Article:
The Lea’s Foundation Center for Hematologic Disorders was dedicated in 2007 at UConn Health. This center of excellence offers world-class care for patients with benign and malignant blood disorders including sickle cell disease, bleeding and clotting disorders, leukemia, lymphoma, multiple myeloma and others.
The center was made possible by a $1.25 million donation from the Lea's Foundation for Leukemia Research, Inc., a prominent Hartford nonprofit that provides support for blood cancer research efforts to the Neag Comprehensive Cancer Center.
Services include diagnosis and treatment of patients with blood cancers – lymphoma, leukemia, myeloproliferative disorders, myelodysplastic disorders, multiple myeloma, and others – and so-called non-cancerous blood diseases, including low blood counts – low red blood cell count or anemia, low white blood cell count or leukopenia, and low platelet count or thrombocytopenia – as well as sickle cell diseases, disorders of bleeding or thrombosis.
- Connecticut Bleeding Disorders Center
This federally funded program offers multidisciplinary care to individuals with hemophilia, von Willebrand's disease, other bleeding disorders and disorders of thrombosis (abnormal blood clotting). For further information, visit the Connecticut Bleeding Disorders Center page.
- Sickle Cell Disease
This program offers care to patients with a range of sickle cell disorders. Among other activities, our staff works closely with the pediatric hematologists and others at Connecticut Children's Medical Center in order to assure a smooth transition of care from adolescence to adult providers. Close collaboration with community based organizations also occurs in order to help with the delivery of care and improve quality of life for individuals with these disorders. For further information, visit the New England Sickle Cell Institute page.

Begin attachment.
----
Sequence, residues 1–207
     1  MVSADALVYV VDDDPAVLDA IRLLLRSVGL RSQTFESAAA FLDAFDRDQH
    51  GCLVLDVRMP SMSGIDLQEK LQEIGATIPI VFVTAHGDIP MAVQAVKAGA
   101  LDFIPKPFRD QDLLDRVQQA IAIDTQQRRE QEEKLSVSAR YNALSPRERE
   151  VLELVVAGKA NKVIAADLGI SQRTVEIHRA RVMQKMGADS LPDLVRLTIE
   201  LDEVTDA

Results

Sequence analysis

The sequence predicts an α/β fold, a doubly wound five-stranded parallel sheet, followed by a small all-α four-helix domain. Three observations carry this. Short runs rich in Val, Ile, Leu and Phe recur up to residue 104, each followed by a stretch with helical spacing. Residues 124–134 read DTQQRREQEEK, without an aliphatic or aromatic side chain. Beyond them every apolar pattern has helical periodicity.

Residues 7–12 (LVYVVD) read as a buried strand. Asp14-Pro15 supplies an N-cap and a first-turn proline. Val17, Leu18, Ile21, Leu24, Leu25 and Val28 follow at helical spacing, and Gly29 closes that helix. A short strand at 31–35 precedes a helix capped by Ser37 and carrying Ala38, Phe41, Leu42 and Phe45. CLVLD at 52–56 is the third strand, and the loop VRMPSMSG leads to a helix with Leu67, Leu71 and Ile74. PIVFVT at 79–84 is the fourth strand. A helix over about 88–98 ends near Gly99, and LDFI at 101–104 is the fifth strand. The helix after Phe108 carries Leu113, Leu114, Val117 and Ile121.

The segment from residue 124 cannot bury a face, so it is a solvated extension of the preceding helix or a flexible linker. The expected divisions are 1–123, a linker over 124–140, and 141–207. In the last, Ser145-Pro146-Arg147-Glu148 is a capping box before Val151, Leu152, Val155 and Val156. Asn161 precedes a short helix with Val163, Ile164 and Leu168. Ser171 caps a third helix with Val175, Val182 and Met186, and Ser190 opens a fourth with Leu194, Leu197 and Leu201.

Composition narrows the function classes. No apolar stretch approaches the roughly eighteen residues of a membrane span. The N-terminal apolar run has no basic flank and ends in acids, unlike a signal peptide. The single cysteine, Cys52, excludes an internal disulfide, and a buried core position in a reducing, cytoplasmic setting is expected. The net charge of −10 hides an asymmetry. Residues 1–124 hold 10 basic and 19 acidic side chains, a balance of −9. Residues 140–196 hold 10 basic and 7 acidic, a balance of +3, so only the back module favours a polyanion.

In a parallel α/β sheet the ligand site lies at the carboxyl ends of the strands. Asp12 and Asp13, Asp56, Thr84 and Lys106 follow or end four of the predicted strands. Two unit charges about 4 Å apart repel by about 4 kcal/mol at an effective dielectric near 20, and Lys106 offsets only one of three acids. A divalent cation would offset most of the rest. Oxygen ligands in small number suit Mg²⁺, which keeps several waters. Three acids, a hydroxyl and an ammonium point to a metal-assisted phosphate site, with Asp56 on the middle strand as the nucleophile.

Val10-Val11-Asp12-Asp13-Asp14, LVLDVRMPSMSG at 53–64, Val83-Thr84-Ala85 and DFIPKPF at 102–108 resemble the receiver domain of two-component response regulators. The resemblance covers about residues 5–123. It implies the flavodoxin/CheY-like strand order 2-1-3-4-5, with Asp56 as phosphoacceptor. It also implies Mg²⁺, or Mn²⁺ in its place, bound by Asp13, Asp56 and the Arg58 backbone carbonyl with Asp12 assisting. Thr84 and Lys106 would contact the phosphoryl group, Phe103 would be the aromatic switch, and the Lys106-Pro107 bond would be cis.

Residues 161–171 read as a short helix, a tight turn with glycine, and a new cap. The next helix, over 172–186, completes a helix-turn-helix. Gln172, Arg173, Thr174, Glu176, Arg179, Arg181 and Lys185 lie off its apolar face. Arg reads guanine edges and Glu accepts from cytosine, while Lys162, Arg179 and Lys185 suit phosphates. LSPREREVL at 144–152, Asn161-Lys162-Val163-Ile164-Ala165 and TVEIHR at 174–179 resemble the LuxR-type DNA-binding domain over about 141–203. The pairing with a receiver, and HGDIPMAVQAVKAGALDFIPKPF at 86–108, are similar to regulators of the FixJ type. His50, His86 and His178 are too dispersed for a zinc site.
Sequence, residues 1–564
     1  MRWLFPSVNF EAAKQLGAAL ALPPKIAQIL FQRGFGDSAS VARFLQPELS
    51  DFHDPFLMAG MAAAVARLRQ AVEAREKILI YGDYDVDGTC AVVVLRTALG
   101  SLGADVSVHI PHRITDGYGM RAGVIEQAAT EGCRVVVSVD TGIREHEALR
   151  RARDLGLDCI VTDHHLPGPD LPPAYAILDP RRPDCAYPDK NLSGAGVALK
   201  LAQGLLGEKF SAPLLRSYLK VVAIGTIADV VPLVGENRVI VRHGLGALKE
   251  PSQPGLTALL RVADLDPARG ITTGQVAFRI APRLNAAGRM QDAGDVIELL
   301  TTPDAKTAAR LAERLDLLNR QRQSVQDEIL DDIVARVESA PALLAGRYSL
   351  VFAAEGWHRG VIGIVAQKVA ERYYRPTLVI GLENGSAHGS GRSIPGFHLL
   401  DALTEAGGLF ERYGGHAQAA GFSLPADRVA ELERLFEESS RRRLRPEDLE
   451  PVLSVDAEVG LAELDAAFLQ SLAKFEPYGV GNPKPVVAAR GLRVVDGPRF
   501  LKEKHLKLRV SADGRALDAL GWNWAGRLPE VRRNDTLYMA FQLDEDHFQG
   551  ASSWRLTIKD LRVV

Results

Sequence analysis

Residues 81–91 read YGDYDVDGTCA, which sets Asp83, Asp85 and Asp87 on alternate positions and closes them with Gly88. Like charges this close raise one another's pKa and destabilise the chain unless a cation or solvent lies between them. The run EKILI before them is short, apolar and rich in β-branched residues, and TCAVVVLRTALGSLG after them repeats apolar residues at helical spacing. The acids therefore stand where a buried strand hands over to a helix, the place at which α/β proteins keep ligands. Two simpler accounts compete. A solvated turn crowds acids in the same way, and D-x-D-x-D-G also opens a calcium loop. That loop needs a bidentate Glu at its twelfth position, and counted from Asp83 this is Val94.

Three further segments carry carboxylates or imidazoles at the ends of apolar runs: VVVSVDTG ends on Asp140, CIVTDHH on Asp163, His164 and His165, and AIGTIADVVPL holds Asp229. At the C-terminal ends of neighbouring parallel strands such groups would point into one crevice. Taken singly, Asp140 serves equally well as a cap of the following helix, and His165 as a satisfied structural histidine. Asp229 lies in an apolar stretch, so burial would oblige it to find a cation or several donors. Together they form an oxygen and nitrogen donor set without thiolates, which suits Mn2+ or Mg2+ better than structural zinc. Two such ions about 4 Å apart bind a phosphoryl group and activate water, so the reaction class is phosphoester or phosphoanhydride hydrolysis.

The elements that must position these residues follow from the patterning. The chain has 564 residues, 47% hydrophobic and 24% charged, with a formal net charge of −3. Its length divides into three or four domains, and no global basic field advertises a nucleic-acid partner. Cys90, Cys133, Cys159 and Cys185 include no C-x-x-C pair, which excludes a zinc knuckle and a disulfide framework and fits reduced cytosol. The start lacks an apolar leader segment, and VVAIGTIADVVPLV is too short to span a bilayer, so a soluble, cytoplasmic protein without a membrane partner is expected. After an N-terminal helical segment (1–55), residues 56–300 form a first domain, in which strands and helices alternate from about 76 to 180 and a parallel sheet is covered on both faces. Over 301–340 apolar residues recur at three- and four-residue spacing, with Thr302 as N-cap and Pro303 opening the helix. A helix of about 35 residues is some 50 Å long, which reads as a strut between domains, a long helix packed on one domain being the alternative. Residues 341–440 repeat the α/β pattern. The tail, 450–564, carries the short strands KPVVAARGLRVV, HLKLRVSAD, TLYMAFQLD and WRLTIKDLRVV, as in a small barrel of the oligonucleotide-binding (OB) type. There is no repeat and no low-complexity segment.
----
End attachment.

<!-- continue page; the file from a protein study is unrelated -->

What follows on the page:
- Blood Cancers and Related Disorders
Hematologists-Oncologists at our center care for individuals with lymphoma, leukemia, multiple myeloma, myelodysplasia, myeloproliferative disorders and other related blood disorders.
Please see the Clinical Trials page for a list of ongoing clinical trials.
Many blood disorders are the focus of laboratory investigation at the UConn School of Medicine. In some instances, our physician scientists are collaborating with basic scientists in what is known as translational research – the application of basic science research to patient care. Some areas of ongoing research include:
- The role of heat shock proteins in multiple myeloma biology;
- The role of cell signaling (SH2 profiling) in hematologic cancers;
- Phospodiesterases in leukemia resistance;
- Sickle cell disease and immune function; and
- Inflammation and hemostasis.
Hematologic Disorders Information
Please follow the links below to obtain up-to-date information from the National Cancer Institute. These links delve into cancer prevention, detection and treatment, and provide a wealth of additional resources.